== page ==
Cropredy is about to add another string to its already laden bow when the first ever Cropredy Jazz Club opens its doors next month.
The first of the once a month events takes place on Saturday, September 7 from 7.15pm at the village hall and is the brainchild of jazz musician Paul Jefferies and wife Jayne.
Paul said: “We run kind of pop up jazz clubs in four or five different venues around Oxfordshire and they do really well. They always nearly sell out and we get between 80 and 90 people.
“We usually host them in village halls and we create a Ronnie Scotts vibe, candle light, tablecloths and we thought we would add one last one.”
The jazz clubs attract professional musicians from across the UK giving them a chance to showcase their music to a wider audience while giving rural residents the opportunity to discover new talent.
Paul said: “It gives all of the musicians, a lot of them from London, who don’t get much of an opportunity to come out to these areas to come and play.
“We have musicians who are playing at Ronnie Scotts and Chelsea’s 606 Club and we bring them out here.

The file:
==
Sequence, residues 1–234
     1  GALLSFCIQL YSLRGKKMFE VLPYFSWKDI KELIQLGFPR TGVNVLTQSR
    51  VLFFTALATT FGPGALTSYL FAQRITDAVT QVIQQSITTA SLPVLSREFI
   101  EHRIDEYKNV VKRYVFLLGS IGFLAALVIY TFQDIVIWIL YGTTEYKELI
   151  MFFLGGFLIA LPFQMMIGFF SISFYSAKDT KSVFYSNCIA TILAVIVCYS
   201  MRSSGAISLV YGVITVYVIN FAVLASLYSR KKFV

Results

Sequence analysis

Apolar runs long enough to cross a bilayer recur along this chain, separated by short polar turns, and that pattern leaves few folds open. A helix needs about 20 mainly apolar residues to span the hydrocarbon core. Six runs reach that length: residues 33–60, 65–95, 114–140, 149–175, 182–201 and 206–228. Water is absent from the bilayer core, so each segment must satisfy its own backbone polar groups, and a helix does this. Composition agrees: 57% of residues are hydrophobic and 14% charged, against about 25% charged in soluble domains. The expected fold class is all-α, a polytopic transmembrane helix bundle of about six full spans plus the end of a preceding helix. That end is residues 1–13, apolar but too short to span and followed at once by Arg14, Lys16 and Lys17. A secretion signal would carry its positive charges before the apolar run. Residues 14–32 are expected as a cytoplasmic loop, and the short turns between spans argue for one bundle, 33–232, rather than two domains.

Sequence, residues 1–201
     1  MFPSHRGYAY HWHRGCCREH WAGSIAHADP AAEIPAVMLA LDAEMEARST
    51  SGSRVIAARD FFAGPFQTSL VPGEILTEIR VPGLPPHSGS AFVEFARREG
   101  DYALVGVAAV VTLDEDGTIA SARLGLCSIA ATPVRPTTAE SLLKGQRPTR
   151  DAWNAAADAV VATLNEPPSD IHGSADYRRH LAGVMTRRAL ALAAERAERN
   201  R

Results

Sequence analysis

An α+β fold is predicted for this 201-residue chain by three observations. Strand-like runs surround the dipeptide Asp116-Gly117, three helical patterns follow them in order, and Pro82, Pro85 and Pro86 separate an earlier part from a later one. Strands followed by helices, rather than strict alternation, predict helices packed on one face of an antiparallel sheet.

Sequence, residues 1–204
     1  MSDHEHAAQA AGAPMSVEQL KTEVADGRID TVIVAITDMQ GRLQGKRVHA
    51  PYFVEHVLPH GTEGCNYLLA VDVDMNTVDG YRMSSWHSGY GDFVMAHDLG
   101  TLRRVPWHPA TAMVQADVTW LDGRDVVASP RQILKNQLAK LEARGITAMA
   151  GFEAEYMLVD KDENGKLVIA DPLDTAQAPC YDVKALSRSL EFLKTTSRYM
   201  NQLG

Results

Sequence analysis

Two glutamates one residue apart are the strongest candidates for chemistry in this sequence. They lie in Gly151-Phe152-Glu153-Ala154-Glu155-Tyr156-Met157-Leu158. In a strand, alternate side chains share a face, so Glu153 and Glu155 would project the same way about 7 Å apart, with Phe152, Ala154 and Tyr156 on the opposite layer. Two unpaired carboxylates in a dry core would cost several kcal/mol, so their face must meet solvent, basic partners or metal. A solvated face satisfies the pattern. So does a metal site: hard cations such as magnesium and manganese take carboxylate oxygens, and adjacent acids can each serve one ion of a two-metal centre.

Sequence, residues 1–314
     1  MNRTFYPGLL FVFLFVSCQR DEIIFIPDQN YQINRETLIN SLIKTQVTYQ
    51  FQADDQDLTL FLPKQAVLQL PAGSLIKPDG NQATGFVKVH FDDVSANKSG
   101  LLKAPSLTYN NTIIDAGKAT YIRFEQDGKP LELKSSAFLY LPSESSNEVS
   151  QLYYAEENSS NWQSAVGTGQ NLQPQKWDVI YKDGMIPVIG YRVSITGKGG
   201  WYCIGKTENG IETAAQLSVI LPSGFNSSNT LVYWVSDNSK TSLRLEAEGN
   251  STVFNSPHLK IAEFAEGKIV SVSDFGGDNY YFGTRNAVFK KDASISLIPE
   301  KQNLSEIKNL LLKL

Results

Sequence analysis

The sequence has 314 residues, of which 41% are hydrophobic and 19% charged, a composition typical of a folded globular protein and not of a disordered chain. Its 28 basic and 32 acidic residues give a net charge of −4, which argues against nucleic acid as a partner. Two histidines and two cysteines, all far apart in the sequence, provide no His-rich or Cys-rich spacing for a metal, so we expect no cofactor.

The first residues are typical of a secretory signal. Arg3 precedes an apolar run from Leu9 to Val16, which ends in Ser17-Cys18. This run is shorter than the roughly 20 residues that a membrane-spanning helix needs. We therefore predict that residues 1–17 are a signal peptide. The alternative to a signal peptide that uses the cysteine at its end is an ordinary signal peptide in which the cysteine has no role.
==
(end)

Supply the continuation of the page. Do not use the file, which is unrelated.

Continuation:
“There are some village touring schemes that do a similar thing but they don’t bother with the ambience.”
Jazz is as much about the music as it is the setting and mood so the sit down two hour concerts have been designed to celebrate the music and the stories behind them in a jazz club feel.
The evenings are also a chance for those who don’t quite have the ears for jazz to give it a go, and at £12 a head there is little to lose.
Jayne said: “I got into jazz through gypsy jazz as I didn’t get what they did, why does one stop then another go? But gypsy jazz is very accessible.
“The more you listen to it the more you get into it. Some of the modern stuff I don’t really like but we don’t really play modern jazz where you can’t see a thread.”
Well known for its folk music links via the annual Fairport Cropredy Convention the area also has one of the finest musical instrument makers in the world and is how Paul and Jayne chose Cropredy as their final pop up jazz club locale.
Paul said: “In Wiliamscott they have a world renowned double bassist living there, that’s Thomas Martin. Thomas and his son George Martin run very successful bass luthier, they make basses and I have my bass repaired there. I have just started playing one of their basses as well, funnily enough.”
The inaugural event features the Stuart Henderson Quartet who take the audience on a musical journey from the early 1900s to the current day.
The event is bring your own alcohol and food but glasses are provided.
To book and find out more about upcoming events visit www.cropredyjazz.co.uk.